Soleimani's body had been taken to holy Shi'ite Muslim cities in Iraq and Iran, as well as the Iranian capital, Tehran, before arriving for burial in the city cemetery's "martyrs section", according to the semi-official news agency ISNA.

In each place, huge numbers of people filled thoroughfares, chanting: "Death to America" and weeping with emotion. Supreme Leader Ayatollah Ali Khamenei wept as he led prayers in Tehran.

Prompted by the strong public backlash over Soleimani's killing on Iraqi soil, lawmakers in Iraq voted on Sunday to demand a removal of all foreign forces from the country.

US officials have said Soleimani was killed because of solid intelligence indicating forces under his command planned attacks on US targets in the region, although they have provided no evidence.

Ali Shamkhani, secretary of Iran's Supreme National Security Council, said 13 "revenge scenarios" were being considered, Fars news agency reported. Even the weakest option would prove "a historic nightmare for the Americans", he said.

FAA 'closely monitoring' aviation safety in Middle East after missile attack
The US Federal Aviation Administration (FAA) said it was closely monitoring events in the Middle East and coordinating with US airlines and foreign authorities about aviation safety after the missile attack.

US carriers are banned from flying at altitudes below 26,000 feet over Iraq under FAA guidance issued in 2018 because of ongoing concerns about threats to US civil aviation throughout Iraq.

They have been banned from flying in an area of Iranian airspace above the Persian Gulf and Gulf of Oman since Iran shot down a high-altitude US drone last June. No major US airlines fly over Iran at present.

Singapore Airlines Ltd said after the attack on US bases in Iraq that all of its flights would be diverted away from Iranian airspace.

An international aviation team has been activated to support "effective coordination and communication" between airlines and countries as tensions mount in the Middle East after the death of Soleimani, global airlines body IATA said on Tuesday.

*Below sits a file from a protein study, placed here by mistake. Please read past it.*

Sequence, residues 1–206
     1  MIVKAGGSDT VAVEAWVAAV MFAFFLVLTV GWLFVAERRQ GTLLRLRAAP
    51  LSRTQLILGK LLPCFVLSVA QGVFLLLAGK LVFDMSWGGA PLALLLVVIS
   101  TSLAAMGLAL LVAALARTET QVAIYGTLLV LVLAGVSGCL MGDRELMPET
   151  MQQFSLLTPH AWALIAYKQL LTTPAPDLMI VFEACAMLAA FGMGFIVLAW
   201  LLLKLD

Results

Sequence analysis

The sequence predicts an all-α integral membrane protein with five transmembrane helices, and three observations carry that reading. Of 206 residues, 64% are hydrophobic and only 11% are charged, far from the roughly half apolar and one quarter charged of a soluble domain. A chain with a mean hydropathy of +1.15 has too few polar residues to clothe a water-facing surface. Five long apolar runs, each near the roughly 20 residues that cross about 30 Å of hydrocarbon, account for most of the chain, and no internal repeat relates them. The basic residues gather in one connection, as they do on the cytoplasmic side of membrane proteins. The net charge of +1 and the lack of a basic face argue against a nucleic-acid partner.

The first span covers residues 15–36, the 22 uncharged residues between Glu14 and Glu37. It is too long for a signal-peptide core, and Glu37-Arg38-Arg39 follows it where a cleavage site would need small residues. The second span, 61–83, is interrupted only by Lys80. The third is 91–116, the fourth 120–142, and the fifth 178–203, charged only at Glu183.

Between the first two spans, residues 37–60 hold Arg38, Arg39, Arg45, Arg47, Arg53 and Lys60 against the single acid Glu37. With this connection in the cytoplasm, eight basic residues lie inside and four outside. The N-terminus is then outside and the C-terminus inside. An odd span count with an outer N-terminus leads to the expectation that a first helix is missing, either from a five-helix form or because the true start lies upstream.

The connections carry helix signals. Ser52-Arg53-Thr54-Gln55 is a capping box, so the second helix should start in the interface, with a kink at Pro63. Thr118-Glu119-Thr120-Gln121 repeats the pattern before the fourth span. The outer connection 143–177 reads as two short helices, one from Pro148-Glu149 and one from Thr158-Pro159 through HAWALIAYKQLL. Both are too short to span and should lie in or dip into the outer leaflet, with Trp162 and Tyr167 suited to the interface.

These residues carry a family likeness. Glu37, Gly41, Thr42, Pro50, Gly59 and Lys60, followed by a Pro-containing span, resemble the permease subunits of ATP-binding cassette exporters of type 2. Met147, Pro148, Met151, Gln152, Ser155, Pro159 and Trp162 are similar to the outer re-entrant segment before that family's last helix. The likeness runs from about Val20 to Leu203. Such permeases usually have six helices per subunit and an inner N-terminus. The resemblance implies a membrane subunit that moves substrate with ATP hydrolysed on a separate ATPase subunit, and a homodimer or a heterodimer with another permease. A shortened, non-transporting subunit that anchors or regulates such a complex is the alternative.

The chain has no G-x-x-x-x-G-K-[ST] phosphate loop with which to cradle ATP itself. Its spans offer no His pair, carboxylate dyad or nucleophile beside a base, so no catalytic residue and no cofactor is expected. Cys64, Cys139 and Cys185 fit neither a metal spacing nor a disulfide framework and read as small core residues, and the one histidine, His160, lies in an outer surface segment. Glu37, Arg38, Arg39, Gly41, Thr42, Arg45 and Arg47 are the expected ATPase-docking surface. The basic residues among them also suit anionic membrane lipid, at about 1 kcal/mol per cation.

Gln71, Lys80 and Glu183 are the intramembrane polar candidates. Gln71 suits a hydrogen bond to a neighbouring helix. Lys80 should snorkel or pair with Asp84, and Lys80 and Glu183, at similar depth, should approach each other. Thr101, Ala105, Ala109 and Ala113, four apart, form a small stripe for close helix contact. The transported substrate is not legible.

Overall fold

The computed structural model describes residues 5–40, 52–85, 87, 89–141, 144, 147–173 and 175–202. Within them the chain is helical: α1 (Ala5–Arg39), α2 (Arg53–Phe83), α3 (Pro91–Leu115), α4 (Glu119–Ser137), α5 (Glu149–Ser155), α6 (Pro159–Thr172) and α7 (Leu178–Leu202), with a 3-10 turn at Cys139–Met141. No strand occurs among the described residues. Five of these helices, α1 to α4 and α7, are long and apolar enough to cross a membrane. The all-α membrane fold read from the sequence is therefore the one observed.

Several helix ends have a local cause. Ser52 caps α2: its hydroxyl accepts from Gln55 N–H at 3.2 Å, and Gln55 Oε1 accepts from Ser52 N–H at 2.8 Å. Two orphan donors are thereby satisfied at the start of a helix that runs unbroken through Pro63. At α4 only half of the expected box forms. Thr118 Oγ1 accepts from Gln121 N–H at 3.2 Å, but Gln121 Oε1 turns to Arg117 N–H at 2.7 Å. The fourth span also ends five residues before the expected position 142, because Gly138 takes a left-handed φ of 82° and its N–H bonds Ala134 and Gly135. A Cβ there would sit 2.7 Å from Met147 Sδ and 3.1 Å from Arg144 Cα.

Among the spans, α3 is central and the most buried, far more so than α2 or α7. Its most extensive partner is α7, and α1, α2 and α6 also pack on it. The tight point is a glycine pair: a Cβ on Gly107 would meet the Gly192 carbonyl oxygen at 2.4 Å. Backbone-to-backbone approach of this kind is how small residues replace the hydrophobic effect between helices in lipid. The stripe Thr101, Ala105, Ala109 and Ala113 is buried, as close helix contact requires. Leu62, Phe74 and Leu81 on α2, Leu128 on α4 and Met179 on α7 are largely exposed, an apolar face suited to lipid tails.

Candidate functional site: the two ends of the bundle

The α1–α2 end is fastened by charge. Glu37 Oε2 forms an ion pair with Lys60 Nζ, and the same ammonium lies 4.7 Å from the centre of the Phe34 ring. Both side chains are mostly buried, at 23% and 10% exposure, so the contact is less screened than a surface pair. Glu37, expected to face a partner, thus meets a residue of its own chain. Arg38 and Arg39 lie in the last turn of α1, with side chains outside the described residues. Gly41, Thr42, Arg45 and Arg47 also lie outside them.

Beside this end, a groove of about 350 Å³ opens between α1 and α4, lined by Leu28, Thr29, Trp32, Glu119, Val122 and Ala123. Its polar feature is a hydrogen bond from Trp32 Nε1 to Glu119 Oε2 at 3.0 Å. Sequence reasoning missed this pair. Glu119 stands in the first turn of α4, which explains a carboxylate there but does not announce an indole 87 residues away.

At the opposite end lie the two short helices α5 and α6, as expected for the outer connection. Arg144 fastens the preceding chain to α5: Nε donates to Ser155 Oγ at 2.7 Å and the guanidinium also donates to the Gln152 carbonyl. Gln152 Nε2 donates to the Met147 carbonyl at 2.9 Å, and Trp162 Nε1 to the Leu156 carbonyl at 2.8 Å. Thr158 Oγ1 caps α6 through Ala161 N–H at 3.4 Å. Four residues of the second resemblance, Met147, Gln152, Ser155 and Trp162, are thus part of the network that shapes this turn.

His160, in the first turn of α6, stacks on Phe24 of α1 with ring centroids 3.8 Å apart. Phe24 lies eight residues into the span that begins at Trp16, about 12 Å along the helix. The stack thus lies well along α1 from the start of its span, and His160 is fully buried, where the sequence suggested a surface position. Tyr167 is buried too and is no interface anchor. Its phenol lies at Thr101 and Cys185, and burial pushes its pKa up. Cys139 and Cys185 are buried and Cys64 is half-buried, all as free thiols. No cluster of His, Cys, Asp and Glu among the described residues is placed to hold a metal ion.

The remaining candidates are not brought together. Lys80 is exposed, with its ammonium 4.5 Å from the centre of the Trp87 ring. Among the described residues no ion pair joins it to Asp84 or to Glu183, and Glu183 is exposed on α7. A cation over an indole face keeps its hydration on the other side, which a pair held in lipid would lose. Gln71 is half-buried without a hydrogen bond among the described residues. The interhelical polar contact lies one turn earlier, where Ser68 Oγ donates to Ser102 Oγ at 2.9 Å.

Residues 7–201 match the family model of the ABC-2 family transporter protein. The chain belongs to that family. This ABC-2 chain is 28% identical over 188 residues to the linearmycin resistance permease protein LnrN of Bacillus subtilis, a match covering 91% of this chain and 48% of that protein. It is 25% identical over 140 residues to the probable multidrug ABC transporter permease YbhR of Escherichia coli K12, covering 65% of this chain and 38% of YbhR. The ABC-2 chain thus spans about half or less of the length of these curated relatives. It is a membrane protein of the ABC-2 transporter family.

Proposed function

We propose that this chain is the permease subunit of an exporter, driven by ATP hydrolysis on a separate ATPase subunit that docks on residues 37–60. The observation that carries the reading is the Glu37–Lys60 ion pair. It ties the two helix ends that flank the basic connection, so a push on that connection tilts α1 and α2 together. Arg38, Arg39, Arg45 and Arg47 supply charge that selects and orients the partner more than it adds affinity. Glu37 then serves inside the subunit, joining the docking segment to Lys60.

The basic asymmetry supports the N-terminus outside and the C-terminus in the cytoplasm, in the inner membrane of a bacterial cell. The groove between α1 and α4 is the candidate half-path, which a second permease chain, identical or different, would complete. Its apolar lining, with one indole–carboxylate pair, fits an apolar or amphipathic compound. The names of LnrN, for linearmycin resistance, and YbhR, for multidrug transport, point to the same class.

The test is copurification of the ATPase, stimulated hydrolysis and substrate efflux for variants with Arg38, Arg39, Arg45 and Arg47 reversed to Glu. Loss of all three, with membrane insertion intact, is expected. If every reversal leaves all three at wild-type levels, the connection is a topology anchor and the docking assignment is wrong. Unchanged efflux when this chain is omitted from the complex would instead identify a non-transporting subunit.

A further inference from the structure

Airlines and the United Nations' aviation agency have started to monitor strategic airspace over Iran and Iraq. With some commercial carriers still serving those countries and others flying over their airspace, the International Air Transport Association also issued a statement reminding countries of their obligation to communicate potential risks to civil aviation.

"It is critical that states live up to this obligation as tensions in the Middle East rise," the group said.

On Monday, Germany published a new warning for Iraq, indicating areas of concern for overflying traffic, according to a report published by the site OPSGROUP.

The coordination team operated by IATA and the International Civil Aviation Organization (ICAO) was activated as a "standard precautionary measure," in the event that contingency measures are required by airlines, IATA said in a statement to Reuters.

The team brings together airlines, regulators and air navigation service providers to ensure any potential risks to aviation are shared quickly, an industry source familiar with the group said.

"Everyone's urging restraint," said the source, who spoke on condition of anonymity because of the sensitivity of the matter.

Airspace controlled by Iran and Iraq are seen as strategic for commercial aviation in the Middle East. If there were the need to shut down the airspace, carriers would have to be rerouted which would lead to greater congestion and fuel costs, said the source.

- Reuters